Terrain
BLSE consist of the following terrain: Hills, Forests, Rivers, Fords, Bridges, Buildings, Barricades, Blood Fields, Crystal Spires, and Command Tents.
BLC uses Bridges, Fords, Buildings, Forests, Impassable (rocks, usually), Walls, and Water.
Forests, Rivers (Water), Fords, Bridges, and Buildings all work the same. Impassable terrain blocks line of sight while walls do not.
13 
 Thumb up
5.01
 tip
 Hide
  • [+] Dice rolls
Garrett
United States
Laredo
Texas
flag msg tools
badge
Avatar
mbmbmbmbmb
Lore Step
During the lore step, you gain lore and new lore cards. A fundamental difference between the two games is that the lore step is your first phase in BLC but is your last phase in BLSE. In BLSE, this step gives you an option: you may gain 2 lore, gain 1 lore and draw one lore card, or draw 2 lore cards and then discard 1 from your hand. In BLC, you always gain 1 lore and draw 1 lore card.

Lore Cards (BLSE) and Lore Powers (BLC)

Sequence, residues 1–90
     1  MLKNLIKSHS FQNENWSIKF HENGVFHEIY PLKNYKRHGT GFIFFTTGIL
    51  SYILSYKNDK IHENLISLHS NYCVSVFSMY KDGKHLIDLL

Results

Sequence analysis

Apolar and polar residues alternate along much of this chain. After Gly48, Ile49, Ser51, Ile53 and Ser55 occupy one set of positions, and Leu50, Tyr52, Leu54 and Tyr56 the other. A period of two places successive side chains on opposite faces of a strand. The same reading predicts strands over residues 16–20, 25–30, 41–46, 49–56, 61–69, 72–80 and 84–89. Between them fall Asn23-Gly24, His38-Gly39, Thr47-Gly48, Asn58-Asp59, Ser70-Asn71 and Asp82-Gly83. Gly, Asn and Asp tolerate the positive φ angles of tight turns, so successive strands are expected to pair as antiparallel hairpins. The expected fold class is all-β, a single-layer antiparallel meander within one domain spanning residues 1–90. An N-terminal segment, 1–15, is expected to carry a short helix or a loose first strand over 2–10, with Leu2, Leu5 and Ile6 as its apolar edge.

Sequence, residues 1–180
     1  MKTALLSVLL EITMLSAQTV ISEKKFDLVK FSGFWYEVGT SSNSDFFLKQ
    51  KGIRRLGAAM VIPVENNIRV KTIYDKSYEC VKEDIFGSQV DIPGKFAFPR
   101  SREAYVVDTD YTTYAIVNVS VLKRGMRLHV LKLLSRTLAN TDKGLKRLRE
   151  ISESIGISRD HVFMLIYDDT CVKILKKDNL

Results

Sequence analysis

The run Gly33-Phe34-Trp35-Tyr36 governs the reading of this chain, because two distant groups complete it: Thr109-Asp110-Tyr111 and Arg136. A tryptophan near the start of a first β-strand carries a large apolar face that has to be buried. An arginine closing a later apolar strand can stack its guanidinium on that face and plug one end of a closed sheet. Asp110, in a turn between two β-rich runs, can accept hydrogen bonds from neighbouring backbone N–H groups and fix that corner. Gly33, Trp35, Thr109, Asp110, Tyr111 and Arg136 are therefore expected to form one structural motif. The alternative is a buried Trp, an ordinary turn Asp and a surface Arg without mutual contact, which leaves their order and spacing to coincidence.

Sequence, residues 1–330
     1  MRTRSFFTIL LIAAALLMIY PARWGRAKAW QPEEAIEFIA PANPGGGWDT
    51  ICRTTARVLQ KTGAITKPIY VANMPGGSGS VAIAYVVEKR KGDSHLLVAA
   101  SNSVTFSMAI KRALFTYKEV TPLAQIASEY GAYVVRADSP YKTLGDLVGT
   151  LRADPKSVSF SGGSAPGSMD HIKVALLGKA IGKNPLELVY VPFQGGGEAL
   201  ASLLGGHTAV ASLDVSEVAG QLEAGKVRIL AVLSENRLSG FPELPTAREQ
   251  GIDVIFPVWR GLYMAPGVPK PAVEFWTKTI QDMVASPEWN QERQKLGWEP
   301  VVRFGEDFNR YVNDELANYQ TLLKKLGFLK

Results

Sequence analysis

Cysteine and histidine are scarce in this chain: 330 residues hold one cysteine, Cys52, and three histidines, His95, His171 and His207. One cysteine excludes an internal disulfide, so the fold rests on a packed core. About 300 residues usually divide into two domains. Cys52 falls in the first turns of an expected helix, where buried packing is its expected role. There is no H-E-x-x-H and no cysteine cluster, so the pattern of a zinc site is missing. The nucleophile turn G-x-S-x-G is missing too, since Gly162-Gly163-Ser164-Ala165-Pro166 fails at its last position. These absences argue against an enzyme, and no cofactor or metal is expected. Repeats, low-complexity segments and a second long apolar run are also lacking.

In BLSE, you have a deck of 20 lore cards. Some lore cards are repeated, others are not. In BLC, you only have 12 lore powers per faction. I’m not certain if you can run out of lore cards after using all 12. [I've seen the same lore power used in the same scenario, so it seems that your lore powers recycle.] The lore powers included in BLC are as follows:

Assault – In BLSE it adds a strike, pierce, and morale result to each combat roll during the turn. In BLC, the description only shows swords and flags so I’m not sure if it adds an automatic damage on ranged attacks or not.

Battle Cry – In BLSE you can play this after your opponent’s move step but you can only play it on your turn during the combat phase in BLC.

Enchanted Arrows – In BLSE, your archer units have their maximum range doubled and damage caused by their attacks cannot be ignored (i.e. can’t be blocked by buildings and things). In BLC, archers can hit any hex on the board but the damage is not ignored by other effects. Both games allow archers to ignore blocking terrain and other units.